**2014**, 20, 528–543. [Google Scholar] [CrossRef] - Netcher, A.C.; Duranceau, S.J. Modeling the improvement of ultra fi ltration membrane mass transfer when using biofiltration pretreatment in surface water applications. Water Res.
**2016**, 90, 258–264. [Google Scholar] [CrossRef] [PubMed] - Chang, H.; Liang, H.; Qu, F.; Shao, S.; Yu, H.; Liu, B. Role of backwash water composition in alleviating ultra filtration membrane fouling by sodium alginate and the effectiveness of salt backwashing. J. Membr. Sci.
**2016**, 499, 429–441. [Google Scholar] [CrossRef] - Hao, Y.; Moriya, A.; Maruyama, T.; Ohmukai, Y.; Matsuyama, H. Effect of metal ions on humic acid fouling of hollow fiber ultrafiltration membrane. J. Membr. Sci.
**2011**, 376, 247–253. [Google Scholar] [CrossRef] - Sarkar, D.; Chakraborty, D.; Naskar, M.; Bhattacharjee, C. Characterization and modeling of radial flow membrane (RFM) module in ultra filtration. Desalination
**2014**, 354, 76–86. [Google Scholar] [CrossRef] - Paipuri, M.; Kim, S.H.; Hassan, O.; Hilal, N.; Morgan, K. Numerical modelling of concentration polarisation and cake formation in membrane filtration processes. Desalination
**2015**, 365, 151–159. [Google Scholar] [CrossRef] - Garcia-Ivars, J.; Iborra-Clar, M.-I.; Alcaina-Miranda, M.-I.; Van der Bruggen, B. Comparison between Hydrophilic and Hydrophobic metal nanoparticles on the phase separation phenomena during formation of asymmetric polyethersulphone membranes. J. Membr. Sci.
**2015**, 493, 709–722. [Google Scholar] [CrossRef] - Arahman, N.; Mulyati, S.; Lubis, M.R.; Razi, F.; Takagi, R.; Matsuyama, H. Modification of polyethersulfone hollow fiber memrbanes with different polymeric additives. Membr. Water Treat.
**2016**, 4, 355–365. [Google Scholar] [CrossRef]

**Figure 1.**Illustration of the outside-inside flow in which cake layer is formed on the outer surface of the hollow fiber membrane. The r

_{in}is inner radius of hollow fiber membrane, r

_{out}outer radius, r

_{cake}radius of cake, l length of the fiber.

**Figure 2.**Lab-scale of cross-flow filtration for single piece of hollow fiber membrane. The filtrations were run at pressure of 1 atm, and the permeate was collected as an overflow and weighted every 10 min. The set-up was used for filtration of different feeds: (1) 50 ppm sodium alginate (SA) solution, (2) 50 ppm SA + 0.125 mM of Ca ion, and (3) 50 ppm SA + 0.125 mM of Mg ion.

**Figure 3.**Scanning Electron Microscopy (SEM) image of hollow fiber membrane of the whole cross-section (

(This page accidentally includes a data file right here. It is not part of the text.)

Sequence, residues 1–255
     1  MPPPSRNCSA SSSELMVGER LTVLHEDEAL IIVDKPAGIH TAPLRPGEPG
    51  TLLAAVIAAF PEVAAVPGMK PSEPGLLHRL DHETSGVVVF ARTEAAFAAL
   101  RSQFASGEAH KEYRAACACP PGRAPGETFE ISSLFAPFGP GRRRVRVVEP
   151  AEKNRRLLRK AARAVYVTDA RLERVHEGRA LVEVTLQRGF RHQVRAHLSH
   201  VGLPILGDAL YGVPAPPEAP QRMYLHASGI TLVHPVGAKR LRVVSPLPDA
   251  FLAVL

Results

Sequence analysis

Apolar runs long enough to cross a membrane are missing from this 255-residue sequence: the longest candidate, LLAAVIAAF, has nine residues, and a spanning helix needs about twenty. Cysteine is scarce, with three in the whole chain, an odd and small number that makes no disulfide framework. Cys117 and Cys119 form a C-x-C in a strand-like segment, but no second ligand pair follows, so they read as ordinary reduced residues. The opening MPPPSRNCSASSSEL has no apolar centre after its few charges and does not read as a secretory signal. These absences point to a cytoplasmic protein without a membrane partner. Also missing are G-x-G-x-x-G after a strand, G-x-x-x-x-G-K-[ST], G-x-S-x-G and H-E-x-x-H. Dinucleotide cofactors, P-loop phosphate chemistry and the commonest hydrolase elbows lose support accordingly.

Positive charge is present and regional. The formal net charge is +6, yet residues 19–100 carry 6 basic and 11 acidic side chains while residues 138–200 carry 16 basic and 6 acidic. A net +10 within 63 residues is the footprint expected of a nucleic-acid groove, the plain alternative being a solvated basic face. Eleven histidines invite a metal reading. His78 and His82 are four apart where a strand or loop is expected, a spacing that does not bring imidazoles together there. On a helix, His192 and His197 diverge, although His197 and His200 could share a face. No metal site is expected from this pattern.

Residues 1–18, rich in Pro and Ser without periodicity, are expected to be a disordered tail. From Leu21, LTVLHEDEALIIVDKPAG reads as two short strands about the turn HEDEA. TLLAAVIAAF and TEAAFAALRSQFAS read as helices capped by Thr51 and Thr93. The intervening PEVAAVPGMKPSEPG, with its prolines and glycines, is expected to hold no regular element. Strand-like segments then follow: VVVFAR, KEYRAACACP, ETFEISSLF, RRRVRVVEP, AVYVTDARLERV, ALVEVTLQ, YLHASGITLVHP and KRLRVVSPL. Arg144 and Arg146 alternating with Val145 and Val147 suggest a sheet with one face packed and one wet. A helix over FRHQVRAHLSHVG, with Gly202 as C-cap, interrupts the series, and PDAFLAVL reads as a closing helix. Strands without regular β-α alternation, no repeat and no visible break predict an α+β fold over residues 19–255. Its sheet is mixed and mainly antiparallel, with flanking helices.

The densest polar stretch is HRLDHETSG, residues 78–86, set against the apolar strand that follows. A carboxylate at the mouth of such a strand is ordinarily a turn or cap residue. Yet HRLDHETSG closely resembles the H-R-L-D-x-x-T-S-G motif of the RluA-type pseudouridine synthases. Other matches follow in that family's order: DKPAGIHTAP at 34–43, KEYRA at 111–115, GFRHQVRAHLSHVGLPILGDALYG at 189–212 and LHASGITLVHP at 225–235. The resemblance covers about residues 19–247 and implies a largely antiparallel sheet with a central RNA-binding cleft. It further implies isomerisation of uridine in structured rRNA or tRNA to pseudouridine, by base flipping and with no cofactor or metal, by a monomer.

**A**), and enlarged cross-section (

**B**).

**Figure 5.**The decrease in permeability for (

**A**) the SA; (

**B**) the SA + Ca; and, (

**C**) the SA + Mg sample.

**Figure 8.**The increase in the cake resistance for (

**A**) the SA; (

**B**) the SA + Ca; and, (

**C**) the SA + Mg feeds.

Membrane Type | Model I | Model II | |||||
---|---|---|---|---|---|---|---|

Constant | Standard Error | Constant | Standard Error | ||||

A | B | SSE | R^{2} | Τ | SSE | R^{2} | |

CA | 4920.28 | 1.24 | 0.00038 | 0.95 | 4772.56 | 0.000898 | 0.61 |

**Table 2.**Validation model and experimental results of relative permeability shown in Figure 5.

Sample Solution | Relative Permeability Model Validation (R^{2}) | ||
---|---|---|---|

Model I | Model II | Model III | |

SA | 0.9998 | 0.9261 | 0.9943 |

SA + Ca | 0.9999 | 0.9438 | 0.9837 |

SA + Mg | 0.9994 | 0.9200 | 0.9898 |

**Table 3.**Result of calculation from the values of membrane resistance (R

_{m}), ${\mathsf{\epsilon}}_{\mathrm{c}}$ permeability of cake (K

_{c}), and R

^{2}for every membrane and sample treatment.

R_{m} (m^{−1}) | Feed | ${\mathsf{\epsilon}}_{\mathbf{c}}$ | K_{c} (m^{−2}) | R_{c} Validation (R^{2}) |
---|---|---|---|---|

5.75 × 10^{12} | SA | 0.7123 | 1.66 × 10^{−20} | 0.8622 |

SA + Ca | 0.5372 | 4.94 × 10^{−21} | 0.6701 | |

SA + Mg | 0.5500 | 9.42 × 10^{−21} | 0.7165 |

© 2018 by the authors. Licensee MDPI, Basel, Switzerland. This article is an open access article distributed under the terms and conditions of the Creative Commons Attribution (CC BY) license (http://creativecommons.org/licenses/by/4.0/).